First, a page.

Sen. Tim Kaine, D-Va., returned to his Virginia roots Wednesday in vice presidential candidate mode – flanked by Secret Service, trailed by national press and ready to attack Donald Trump.
Kaine entered a ballroom to a rousing welcome from the Virginia delegation at its breakfast. After spinning some political anecdotes, he quickly pivoted to the election, praising Hillary Clinton and delivering his most forceful rhetoric to date on the Republican presidential nominee's fitness for office.
“What an opportunity to make history,” he told the enthusiastic crowd, who unlike previous mornings in Philadelphia, seemed more riveted to the speaker than to than to their bacon and eggs.
Kaine thanked Gov. Terry McAuliffe, who advocated strongly for his selection in conversations with Hillary Clinton and Bill Clinton.
“I wouldn’t be the nominee if it weren’t for him,” he said of McAuliffe.
Kaine praised Hillary Clinton’s qualifications as a candidate, and her historic role as potentially the first woman president. He said she would “open up who we are as a nation,” grow the economy and that she has the “right ideas about how to be strong in the world.”
Then it was on to Trump.
“The most foolish thing you can do is to shed the alliances we have in the world…and Donald Trump is a one-man wrecking crew when it comes to the alliances,” said Kaine, referring to Trump’s stand on NATO and posture toward Russia and Vladimir Putin, whom Kaine called a “Big Bad Wolf.”
Kaine, a former civil rights attorney, said the most important thing to him about the election is that it’s “a civil rights election.”
He talked about Trump “making fun of people with disabilities…using demeaning and offensive language when he talks about women,” saying Trump “offends women every time he opens his mouth.”
He said Trump “trash talks new Americans, trash talks Mexicans…he talks about anybody of a Latino background as if they’re a second-class citizen. Hey, we don’t have any second-class citizens in this country. We’re all first-class citizens.”
Pivoting to the military, he referenced Trump’s characterization of the American military as a “disaster,” questioning how someone who thinks that could be commander in chief.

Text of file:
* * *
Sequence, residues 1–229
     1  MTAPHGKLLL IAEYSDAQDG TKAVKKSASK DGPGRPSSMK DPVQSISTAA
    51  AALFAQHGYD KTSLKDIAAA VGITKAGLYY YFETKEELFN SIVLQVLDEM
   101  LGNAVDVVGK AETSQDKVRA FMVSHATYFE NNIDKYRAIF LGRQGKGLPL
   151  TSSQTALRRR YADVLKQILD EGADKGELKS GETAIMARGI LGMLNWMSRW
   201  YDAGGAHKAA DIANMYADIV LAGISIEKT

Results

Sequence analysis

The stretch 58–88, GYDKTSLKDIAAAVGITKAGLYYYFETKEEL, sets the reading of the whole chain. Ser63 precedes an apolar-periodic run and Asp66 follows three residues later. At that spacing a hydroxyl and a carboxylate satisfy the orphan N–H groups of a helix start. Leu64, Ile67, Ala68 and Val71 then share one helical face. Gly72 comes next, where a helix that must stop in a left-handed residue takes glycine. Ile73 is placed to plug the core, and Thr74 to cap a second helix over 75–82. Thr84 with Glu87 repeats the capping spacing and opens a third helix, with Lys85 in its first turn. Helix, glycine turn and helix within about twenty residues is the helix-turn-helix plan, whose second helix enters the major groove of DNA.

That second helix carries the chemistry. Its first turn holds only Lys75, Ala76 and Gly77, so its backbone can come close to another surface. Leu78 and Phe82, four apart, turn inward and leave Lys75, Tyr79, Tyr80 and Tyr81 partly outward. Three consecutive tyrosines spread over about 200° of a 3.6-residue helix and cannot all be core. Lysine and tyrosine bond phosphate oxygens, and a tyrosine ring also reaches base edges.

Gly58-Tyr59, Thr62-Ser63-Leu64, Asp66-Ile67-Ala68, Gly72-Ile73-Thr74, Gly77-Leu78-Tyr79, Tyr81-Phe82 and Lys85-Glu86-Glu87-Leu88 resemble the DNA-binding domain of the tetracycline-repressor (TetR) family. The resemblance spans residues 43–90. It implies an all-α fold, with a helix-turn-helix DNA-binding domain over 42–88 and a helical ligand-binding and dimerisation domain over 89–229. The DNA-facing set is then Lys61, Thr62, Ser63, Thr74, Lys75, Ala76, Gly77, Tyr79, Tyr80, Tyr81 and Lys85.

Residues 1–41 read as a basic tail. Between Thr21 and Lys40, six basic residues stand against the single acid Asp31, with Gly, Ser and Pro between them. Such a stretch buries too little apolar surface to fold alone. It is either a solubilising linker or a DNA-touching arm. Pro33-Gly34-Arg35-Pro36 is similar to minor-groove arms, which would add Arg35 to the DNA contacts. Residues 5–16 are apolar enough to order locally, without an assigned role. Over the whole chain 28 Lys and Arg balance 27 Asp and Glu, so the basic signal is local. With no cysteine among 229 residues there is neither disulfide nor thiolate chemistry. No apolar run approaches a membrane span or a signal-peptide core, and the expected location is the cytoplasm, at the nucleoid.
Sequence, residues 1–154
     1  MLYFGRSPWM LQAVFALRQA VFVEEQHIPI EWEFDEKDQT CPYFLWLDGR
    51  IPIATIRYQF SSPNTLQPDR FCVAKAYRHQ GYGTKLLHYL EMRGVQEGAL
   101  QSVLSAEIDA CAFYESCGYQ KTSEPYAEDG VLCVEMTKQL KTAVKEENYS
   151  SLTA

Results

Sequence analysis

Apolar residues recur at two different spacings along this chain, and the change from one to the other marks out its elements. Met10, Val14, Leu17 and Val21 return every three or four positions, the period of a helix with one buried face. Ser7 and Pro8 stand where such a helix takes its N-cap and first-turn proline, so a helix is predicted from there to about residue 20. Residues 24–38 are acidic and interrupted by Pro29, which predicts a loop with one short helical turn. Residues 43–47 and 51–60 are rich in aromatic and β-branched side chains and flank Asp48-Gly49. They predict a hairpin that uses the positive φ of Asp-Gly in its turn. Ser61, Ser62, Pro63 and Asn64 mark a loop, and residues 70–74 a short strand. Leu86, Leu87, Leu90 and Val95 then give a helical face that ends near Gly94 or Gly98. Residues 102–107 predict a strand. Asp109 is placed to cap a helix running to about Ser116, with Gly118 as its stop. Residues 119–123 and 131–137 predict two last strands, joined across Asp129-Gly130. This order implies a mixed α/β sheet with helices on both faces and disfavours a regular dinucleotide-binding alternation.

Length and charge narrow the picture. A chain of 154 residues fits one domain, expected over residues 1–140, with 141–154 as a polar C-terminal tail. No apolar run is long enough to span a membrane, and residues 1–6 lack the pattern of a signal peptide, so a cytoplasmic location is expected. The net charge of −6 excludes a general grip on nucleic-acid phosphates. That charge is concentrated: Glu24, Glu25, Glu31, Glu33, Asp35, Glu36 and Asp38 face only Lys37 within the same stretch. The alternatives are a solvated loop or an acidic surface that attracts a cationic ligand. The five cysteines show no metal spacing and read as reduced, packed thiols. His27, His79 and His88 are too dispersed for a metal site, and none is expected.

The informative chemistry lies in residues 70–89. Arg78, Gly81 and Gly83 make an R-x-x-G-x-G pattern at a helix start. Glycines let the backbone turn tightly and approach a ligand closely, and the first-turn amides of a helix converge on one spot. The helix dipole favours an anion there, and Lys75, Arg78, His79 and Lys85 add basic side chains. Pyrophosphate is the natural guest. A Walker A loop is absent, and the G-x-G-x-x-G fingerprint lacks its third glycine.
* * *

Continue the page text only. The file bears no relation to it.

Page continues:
He said Trump has used “every trick and dodge he can to avoid paying taxes, and that’s why he’s not giving up his tax returns,” noting that tax dollars fund programs that support veterans.
"Tim Kaine can attack all he wants, but he can’t distract Virginians from the fact that he’s a political chameleon," said Garren Shipley, Virginia communications director for the Republican National Committee. "He’s gone from being pro life to pro choice, from supporting TPP to opposing TPP, and from claiming to be a conservative to claiming to be a progressive. Just like Hillary Clinton, he’s willing to say anything to be elected."
Kaine said the election is about whether to build “a community of respect, or whether we decide that a politics of division, that sadly, we know held Virginia back, and our nation back for a very long time, is back in vogue and we start doing it again.”
“We say we’re a commonwealth,” Kaine continued. “We’ve got to live like a commonwealth.”
Perhaps the most emotional moment of Kaine's time with the delegation came at the end of his remarks. Kaine turned quiet and spoke about Joe Montano, 47, a Senate staffer from Manassas who died suddenly late last week after accompanying Kaine on events in Northern Virginia.